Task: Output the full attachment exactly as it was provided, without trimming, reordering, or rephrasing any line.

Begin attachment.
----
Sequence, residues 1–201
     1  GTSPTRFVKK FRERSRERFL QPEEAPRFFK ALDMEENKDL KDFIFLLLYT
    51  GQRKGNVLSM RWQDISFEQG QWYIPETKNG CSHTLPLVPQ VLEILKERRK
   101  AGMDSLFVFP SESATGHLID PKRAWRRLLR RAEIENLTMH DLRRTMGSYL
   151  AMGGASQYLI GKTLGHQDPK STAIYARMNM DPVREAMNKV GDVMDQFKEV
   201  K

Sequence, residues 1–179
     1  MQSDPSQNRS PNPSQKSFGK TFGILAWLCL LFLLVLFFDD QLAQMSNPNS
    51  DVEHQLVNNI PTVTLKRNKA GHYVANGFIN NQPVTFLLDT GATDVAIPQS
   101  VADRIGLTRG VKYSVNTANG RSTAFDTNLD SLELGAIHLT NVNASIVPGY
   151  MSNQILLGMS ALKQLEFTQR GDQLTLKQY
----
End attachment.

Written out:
Sequence, residues 1–201
     1  GTSPTRFVKK FRERSRERFL QPEEAPRFFK ALDMEENKDL KDFIFLLLYT
    51  GQRKGNVLSM RWQDISFEQG QWYIPETKNG CSHTLPLVPQ VLEILKERRK
   101  AGMDSLFVFP SESATGHLID PKRAWRRLLR RAEIENLTMH DLRRTMGSYL
   151  AMGGASQYLI GKTLGHQDPK STAIYARMNM DPVREAMNKV GDVMDQFKEV
   201  K

Sequence, residues 1–179
     1  MQSDPSQNRS PNPSQKSFGK TFGILAWLCL LFLLVLFFDD QLAQMSNPNS
    51  DVEHQLVNNI PTVTLKRNKA GHYVANGFIN NQPVTFLLDT GATDVAIPQS
   101  VADRIGLTRG VKYSVNTANG RSTAFDTNLD SLELGAIHLT NVNASIVPGY
   151  MSNQILLGMS ALKQLEFTQR GDQLTLKQY